Mérida, September 27th, 2009 (Venezuelanalysis.com) - Creating a
new Radio of the South, formalising the Bank of the South, criticising the make-up
of the UN Security Council, and supporting Honduran President Manuel Zelaya
were among the outcomes at the second Africa-South American Summit (ASA) that
was held this weekend on Margarita Island, Venezuela.
Heads of state from 61 countries, 49 from Africa and 12 from South
America, participated in the summit, with the theme of "Closing gaps, opening
Radio of the South
The Summit launched the Radio of the South, a network of radio
stations driven by Venezuelan National Radio (RNV), which, as it says in its
mission statement, aims to bring the revolutionary struggles of the people of
the South to the forefront, and to promote the union of peoples of the South
through information exchange and cross-national collaboration.
Initially the radio network will reach 40% of Venezuela, as well
as integrating 18 radio stations in Argentina, 10 in Colombia, 4 in Bolivia, 4
in Honduras and Uruguay, 3 in Panama, Nicaragua, Paraguay, Brazil, Mexico, and the
U.S, 2 in Cuba, Ecuador, Peru, and Haiti, and 1 in Guatemala, Dominican
Republic, Chile, El Salvador, Equatorial Guinea.
A team of translators in Caracas will bring the programming to
Gambia Radio, whose news will also be translated into Spanish. A similar
exchange will be carried out with Radio Benin and Algeria's International Radio.
Programming will include 35% Venezuelan and Latin American music,
and Radio of the South studios in Caracas will produce a third of the
programming, while the rest will be produced by allied radios across America
and Africa. The radio can also be listened to live on the internet at http://www.laradiodelsur.com/.
Bank of the South
During the Summit on Saturday, the heads of state of Argentina,
Chile, Bolivia, Brazil, Uruguay, and Venezuela signed a document to form the
Bank of the South, which will have a starting capital of US$20 billion. Venezuela
will contribute $4 billion, as will Brazil and Argentina, with other countries
also contributing according to their capacity.
"It will be our bank, to bring back the reserves that we have up
there in north that they use to give credits to us," Venezuelan president Hugo Chavez
"The transfer of resources from the South to the North is a
tremendous figure and they lend that money back to us with interest rates far
superior to what they pay us...but we're not stupid, we are waking up and they
won't keep manipulating us with this tale of the ‘free market,'" Chavez said.
The constituting agreement says the bank will have its
headquarters in Caracas and offices in Buenos Aires and La Paz. It will only
lend to member countries and can lend to a range of organisations, including
private companies, cooperatives, and state organisations, but taking into
consideration the extent to which they generate food, energy, health, natural
resources or knowledge sovereignty. It will also encourage development projects.
"The bank of the south is strategic... I think we should go even
further and gradually put together our own South-South financial system,"
Chavez said, adding that in the future, "We have to create...a South-South bank
or the Bank of ASA, Banasa."
For a fairer UN Security Council
In order to achieve more "balance," the ASA conference called for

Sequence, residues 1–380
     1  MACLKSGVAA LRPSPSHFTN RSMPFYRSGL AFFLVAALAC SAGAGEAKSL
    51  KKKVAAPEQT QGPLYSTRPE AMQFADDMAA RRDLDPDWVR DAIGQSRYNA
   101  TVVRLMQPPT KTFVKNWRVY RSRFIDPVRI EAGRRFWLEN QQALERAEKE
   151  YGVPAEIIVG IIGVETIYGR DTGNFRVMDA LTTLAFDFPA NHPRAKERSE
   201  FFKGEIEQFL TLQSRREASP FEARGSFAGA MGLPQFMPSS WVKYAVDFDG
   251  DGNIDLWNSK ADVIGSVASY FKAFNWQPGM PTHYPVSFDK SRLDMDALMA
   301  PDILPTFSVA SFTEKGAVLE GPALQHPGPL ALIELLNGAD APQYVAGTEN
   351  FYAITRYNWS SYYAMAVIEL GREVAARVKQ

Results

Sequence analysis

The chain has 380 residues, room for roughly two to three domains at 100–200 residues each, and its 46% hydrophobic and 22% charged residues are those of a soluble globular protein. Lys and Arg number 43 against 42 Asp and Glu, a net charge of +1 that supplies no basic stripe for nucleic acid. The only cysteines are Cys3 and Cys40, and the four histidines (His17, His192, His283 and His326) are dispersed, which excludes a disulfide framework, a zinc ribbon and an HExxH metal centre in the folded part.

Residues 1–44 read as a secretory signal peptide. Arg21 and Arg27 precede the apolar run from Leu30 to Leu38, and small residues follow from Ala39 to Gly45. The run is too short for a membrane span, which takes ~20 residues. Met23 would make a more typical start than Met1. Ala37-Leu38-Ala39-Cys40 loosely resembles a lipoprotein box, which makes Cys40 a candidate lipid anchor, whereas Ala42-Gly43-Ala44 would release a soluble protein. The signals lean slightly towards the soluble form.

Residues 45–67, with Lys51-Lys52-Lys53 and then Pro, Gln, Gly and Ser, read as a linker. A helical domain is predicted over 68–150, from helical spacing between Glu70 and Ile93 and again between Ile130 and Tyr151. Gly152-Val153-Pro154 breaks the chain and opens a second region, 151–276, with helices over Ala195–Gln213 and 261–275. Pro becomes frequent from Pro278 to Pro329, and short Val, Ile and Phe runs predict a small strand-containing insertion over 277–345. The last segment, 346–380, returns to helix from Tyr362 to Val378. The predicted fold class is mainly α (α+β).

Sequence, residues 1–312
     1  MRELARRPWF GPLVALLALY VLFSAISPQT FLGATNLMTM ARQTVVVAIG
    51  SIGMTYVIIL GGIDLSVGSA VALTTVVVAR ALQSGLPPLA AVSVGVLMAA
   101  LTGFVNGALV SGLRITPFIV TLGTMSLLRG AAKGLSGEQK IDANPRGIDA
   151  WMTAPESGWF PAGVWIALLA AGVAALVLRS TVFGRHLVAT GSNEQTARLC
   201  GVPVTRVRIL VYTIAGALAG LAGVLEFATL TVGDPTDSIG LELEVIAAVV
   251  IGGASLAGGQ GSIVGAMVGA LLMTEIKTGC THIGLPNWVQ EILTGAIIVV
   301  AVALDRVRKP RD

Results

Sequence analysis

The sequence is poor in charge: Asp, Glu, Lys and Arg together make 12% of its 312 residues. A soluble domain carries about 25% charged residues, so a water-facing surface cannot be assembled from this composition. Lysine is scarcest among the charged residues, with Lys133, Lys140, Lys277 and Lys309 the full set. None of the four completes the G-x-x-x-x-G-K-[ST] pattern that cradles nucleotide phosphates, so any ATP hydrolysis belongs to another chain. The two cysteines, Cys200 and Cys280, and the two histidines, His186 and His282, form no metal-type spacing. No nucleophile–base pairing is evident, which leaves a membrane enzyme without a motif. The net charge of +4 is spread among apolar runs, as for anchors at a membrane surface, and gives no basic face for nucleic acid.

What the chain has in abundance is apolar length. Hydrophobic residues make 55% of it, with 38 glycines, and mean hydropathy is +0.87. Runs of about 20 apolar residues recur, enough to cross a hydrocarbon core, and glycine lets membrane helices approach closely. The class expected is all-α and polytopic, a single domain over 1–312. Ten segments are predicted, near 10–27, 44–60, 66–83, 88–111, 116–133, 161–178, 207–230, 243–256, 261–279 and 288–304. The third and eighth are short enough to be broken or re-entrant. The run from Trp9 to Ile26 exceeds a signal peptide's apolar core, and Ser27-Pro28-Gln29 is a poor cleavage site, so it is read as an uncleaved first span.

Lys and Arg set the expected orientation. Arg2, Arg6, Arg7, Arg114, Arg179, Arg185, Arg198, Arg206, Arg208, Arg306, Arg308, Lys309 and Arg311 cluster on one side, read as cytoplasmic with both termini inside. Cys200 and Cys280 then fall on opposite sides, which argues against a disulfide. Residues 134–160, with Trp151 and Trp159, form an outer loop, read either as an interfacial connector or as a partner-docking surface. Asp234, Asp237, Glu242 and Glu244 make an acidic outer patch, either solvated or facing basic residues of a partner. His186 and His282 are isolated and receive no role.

a reformation of the UN Security Council, in which 5 countries (China, France,
Russia, the UK and the US) are permanent members and have veto power.
In a document passed by the summit, the ASA countries stated the
need for "a greater participation of developing countries in South America and
Africa...in order to correct the current imbalance and make this Council a more
democratic, transparent, representative, effective and legitimate organisation
that responds to the new political realities."
The document continued, "We praise the efforts carried out in the
inter-governmental negotiations on this issue, in conformity with decision
62/55 of the General Assembly of the UN."
Regarding the recent coup in June in Honduras and the return of legitimate
president Manuel Zelaya to the country on 21 September, when he sought refuge
in the Brazilian embassy, Brazil proposed a declaration on Honduras to ASA,
which was approved unanimously.
The Declaration condemned the coup of 28 June and demanded the
immediate and unconditional return of Zelaya to his position as president and
that the Honduran coup regime comply with the Vienna Convention regarding the
inviolability of diplomatic missions.
"The heads of state of South America and Africa meeting on
Margarita Island on 26 and 27 September express their deep concern for the
current political situation in Honduras," the declaration said.
Venezuela's participation in the
Chavez proposed, and the summit approved, a proposal that
Venezuela take on the responsibility of organising the ASA secretariat from now
on. The secretariat would meet on Margarita Island and would ensure
implementation of the plans and projects coming out of the summit.
Chavez said that in order to turn "ideas into projects" he should be
permitted to head up the secretariat, and that what were previously working
groups could be turned into presidential commissions.
During the summit, Venezuela also signed notes of understanding
for the formation of joint mining ventures with Sierra Leone, Mali, Namibia,
Niger, and Mauritania. Chavez announced that he had signed an agreement of
cooperation with the Food and Agriculture Organisation of the United Nations to
assist with the battle against hunger in Africa by providing seeds, fertiliser,
and other farming technology.
"[ASA] is a vital mechanism, it's the union of
South America with Africa... We'll prove that we are a big power and that the
union of these two powers, South America and Africa, will contribute to what
[Simon] Bolivar said, the equilibrium of the world," Chavez said.